My spiritual interests began to fade as the weeks of high school rolled by. I had felt the call to the ministry many years earlier at the age of thirteen but now that I was sixteen, I was concerned about what I would do in life. Following a four day weekend in the mountains of Colorado at a teen’s church camp, my interest was renewed in the ministry and I was dedicated more than ever to full time ministry work. After a couple of weeks, however, I felt empty and purposeless. Although I was now living at home with my family, no more to return to just checking in over the weekends, and though I had several friends, I somehow felt alone. It was then I met Sharon.
“Hello Mrs. Scovell, Sharon said cheerfully, “we’re here to pick up Phil. Is he ready?”
“Come on in,” Mom said. “I’ll call him upstairs. I’m pretty sure he’s ready.”
Mom had given me permission to go with Sharon to a rock concert. She, too, was concerned that I had few friends and she reluctantly allowed me to go; not knowing exactly what it was all about. “Hi Phil,” Sharon said. “Are you ready to go?” “Yeah,” I replied and took hold of her arm. “We’ll be back about midnight Mrs. Scovell,” Sharon
announced, “and we have to go home to my place first to change clothes,” she continued conciliatorially.
“Have a good time,” Mom said but I heard the concern in her voice.
In the car I said, “Are we really goin’ to your house Sharon?”
“Naw,” she laughed, “I just said that because I didn’t want your mom wondering why we were dressed so funny.” “Good idea,” I agreed. The car pulled away and Sharon and her friend lit cigarettes.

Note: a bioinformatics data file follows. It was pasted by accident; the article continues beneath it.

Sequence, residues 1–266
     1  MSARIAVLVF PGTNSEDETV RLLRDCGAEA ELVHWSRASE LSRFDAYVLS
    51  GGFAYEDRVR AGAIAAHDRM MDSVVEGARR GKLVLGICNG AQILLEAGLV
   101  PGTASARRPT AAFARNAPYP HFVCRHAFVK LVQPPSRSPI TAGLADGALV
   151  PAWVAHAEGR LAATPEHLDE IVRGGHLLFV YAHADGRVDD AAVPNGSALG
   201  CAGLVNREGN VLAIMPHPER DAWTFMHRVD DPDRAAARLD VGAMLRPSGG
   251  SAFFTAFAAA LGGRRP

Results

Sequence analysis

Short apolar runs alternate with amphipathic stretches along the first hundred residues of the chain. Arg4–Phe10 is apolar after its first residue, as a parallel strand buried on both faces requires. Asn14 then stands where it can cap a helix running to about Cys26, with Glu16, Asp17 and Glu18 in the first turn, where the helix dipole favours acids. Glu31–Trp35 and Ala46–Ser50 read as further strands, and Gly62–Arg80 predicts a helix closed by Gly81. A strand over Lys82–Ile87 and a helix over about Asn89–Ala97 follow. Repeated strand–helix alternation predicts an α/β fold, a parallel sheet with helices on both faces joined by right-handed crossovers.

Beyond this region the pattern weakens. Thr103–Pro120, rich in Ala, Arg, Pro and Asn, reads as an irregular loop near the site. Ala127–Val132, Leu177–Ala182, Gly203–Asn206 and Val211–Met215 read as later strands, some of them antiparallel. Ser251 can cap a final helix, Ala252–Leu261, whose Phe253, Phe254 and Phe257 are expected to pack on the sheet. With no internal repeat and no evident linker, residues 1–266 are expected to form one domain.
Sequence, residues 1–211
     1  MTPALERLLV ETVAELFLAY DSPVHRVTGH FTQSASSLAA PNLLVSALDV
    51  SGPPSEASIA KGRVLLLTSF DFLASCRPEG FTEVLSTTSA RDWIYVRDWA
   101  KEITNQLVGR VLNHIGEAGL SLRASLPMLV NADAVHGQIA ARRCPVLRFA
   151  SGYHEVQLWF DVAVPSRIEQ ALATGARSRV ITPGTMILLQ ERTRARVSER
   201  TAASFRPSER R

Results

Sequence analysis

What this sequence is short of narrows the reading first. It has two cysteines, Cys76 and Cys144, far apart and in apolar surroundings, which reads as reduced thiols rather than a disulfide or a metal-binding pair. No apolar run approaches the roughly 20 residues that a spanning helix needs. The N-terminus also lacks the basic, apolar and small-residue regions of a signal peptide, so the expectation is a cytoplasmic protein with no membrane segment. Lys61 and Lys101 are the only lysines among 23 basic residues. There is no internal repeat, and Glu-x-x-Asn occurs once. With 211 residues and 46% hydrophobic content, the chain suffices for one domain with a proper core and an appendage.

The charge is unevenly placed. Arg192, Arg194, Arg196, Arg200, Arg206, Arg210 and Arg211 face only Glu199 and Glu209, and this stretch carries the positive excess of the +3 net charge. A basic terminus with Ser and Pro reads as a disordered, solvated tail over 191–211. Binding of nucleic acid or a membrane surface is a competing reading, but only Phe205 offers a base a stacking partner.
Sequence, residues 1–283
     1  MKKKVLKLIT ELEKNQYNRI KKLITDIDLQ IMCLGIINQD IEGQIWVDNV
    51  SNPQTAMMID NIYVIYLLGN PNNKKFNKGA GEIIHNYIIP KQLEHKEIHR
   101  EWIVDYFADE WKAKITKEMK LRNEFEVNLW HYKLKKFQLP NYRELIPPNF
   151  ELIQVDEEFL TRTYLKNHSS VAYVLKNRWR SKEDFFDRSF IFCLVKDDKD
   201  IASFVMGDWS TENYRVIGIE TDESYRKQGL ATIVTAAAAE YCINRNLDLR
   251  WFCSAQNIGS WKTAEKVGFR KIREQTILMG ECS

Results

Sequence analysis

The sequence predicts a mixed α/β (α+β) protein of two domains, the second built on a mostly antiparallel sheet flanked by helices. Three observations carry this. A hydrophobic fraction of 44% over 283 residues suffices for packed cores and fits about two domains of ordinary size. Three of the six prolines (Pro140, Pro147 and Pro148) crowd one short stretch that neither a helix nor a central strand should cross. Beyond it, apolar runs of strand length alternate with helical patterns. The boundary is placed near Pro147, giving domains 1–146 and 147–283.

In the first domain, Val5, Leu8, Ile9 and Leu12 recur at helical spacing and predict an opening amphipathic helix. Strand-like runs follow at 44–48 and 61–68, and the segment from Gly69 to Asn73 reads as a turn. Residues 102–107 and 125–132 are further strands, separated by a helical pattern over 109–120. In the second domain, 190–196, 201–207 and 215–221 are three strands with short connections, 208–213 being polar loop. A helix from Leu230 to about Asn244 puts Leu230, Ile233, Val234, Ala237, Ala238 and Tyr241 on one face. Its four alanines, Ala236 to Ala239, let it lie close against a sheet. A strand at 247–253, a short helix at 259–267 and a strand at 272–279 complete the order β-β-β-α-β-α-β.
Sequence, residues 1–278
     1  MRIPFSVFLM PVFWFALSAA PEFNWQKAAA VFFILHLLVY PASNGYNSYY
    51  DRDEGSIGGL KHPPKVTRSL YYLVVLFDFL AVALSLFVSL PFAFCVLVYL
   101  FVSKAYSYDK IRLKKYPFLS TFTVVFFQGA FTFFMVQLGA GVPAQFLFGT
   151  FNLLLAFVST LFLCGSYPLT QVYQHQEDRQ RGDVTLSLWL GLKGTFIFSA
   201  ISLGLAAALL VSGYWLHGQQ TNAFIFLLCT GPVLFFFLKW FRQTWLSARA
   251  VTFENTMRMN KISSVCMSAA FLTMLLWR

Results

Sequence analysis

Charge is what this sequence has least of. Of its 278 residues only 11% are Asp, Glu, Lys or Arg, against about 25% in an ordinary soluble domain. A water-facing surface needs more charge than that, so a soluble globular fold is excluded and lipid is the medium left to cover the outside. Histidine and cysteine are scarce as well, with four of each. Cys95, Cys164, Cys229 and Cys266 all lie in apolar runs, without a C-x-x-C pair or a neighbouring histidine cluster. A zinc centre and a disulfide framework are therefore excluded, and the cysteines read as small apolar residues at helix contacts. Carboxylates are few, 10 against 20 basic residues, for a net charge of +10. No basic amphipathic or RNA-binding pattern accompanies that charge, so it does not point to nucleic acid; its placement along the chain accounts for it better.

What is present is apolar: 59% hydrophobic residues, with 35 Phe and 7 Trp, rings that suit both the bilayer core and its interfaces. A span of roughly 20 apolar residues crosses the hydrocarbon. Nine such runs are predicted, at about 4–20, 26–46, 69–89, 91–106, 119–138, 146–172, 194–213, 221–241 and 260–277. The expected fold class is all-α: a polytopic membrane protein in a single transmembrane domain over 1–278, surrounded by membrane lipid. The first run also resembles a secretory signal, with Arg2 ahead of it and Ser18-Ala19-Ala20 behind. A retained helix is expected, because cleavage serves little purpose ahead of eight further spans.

“Phil, this is Doug. We’ve known each other for a long time and he offered to give us a ride to the concert.”
We exchanged greetings and Sharon offered me a cigarette. I had smoked a cigarette once when I was about nine years old with some other kids of the neighborhood out in the orchard. Though I had no desire to do so again, I had decided that no matter what Sharon and her friends asked me to do this night, I would be willing; even if it meant taking drugs.
Killing time, we drove around the city and rapped about anything that came to mind. Finally Sharon said, “I brought some grass Phil. You wanna try some?” “Sure,” I said, my voice shaking slightly. After rolling a joint, she explained that I needed to inhale
and hold the smoke in my lungs as long as possible before releasing. Though I took several drags, I never experienced any effects from the marijuana because I had never inhaled smoke before. By the time we had reached the Music Box, Sharon and her friend were high.